We’ve written before about the Walking School Bus and how an organized walk to school can improve attendance as it increases health and safety for children.
The good folks of Springfield, Mass., are taking it a step further–or a few thousand steps further–by challenging students to walk 100 miles in the school year. That’s a little more than a half mile a day. This can be accomplished by any combination of walking, jogging and running.
The 100 Mile Club is an invention of Elias Brookings School, a pre-k to 5th grade school with about 250 students, most of whom come from low-income families. About 150 of students participate, and the school tracks their progress daily and weekly. Parents have gotten involved, too, often showing up with children to walk around the school.
“We’ve noticed a huge increase in our attendance, where students would not come to school before or they would be late,” says school nurse Pam Maynard. “Now they come to school on time.” The chart to the right shows attendance rates for children involved in the program in red.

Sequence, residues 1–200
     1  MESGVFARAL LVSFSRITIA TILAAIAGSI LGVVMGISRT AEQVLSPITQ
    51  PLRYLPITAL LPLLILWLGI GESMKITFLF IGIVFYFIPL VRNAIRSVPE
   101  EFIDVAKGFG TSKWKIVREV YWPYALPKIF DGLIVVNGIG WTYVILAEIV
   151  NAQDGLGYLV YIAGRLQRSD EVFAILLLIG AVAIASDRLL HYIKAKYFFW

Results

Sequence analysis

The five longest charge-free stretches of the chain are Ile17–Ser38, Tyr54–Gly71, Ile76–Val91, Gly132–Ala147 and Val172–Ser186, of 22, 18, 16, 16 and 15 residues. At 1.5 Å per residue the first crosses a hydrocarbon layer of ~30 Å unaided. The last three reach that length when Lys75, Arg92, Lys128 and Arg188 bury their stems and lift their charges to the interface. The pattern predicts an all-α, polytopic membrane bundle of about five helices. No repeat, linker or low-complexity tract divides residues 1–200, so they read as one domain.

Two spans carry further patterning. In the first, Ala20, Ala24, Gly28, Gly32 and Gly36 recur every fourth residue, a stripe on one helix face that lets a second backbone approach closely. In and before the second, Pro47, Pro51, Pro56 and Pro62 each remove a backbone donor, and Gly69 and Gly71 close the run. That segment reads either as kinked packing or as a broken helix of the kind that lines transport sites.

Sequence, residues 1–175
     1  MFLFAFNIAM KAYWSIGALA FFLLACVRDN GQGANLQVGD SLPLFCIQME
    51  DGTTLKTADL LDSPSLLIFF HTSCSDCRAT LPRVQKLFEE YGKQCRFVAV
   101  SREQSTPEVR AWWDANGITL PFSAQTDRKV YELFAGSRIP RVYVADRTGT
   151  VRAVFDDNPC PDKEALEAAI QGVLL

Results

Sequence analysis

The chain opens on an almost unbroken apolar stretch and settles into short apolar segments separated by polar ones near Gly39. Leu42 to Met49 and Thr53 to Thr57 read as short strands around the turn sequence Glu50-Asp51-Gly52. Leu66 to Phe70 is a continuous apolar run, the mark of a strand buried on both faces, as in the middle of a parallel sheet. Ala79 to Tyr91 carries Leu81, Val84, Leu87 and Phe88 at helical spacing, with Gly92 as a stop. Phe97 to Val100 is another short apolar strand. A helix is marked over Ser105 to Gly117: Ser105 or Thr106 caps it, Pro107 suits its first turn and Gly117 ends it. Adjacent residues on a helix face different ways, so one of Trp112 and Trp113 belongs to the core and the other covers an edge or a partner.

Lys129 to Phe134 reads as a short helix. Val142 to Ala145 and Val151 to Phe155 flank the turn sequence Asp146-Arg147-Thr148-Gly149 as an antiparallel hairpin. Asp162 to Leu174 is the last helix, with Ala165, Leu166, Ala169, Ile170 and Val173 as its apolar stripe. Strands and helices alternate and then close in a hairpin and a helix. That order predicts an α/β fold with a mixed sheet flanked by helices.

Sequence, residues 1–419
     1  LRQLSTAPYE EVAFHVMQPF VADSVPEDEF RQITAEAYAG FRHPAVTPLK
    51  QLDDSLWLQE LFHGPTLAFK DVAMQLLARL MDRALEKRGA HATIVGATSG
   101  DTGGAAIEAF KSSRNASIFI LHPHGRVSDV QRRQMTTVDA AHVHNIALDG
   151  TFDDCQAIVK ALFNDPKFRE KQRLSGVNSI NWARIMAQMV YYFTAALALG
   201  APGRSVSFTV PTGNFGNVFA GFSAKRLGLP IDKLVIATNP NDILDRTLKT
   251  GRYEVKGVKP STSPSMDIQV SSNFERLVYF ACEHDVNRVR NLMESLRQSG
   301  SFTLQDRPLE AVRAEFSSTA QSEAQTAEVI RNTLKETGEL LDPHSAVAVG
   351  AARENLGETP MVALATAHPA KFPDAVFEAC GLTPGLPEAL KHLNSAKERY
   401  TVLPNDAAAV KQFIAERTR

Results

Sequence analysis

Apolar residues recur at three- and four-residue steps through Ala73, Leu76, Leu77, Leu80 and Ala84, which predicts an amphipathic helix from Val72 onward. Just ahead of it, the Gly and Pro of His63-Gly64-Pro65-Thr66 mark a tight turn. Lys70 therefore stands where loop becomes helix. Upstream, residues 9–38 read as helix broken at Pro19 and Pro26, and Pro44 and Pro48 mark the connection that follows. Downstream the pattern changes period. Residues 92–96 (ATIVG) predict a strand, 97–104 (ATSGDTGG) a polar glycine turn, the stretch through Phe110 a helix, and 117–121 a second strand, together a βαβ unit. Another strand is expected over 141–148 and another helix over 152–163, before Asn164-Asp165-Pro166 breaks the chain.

Maynard sees health benefits as well, especially for children with chronic conditions, such as asthma and seizure disorders. “They don’t feel like the diagnosis they have can hold them back any more,” she says. “They feel like athletes.”
Principal Terry Powe notes, “There’s also research on the connection between kids being active and their academics. And I can say that I truly believe it’s had an impact on our school in that regard.”
Beyond Brookings, several Springfield elementary schools are finding that the walking school board is improving attendance. A blog item on the Reading Success by Fourth Grade website details the progress made at three other schools.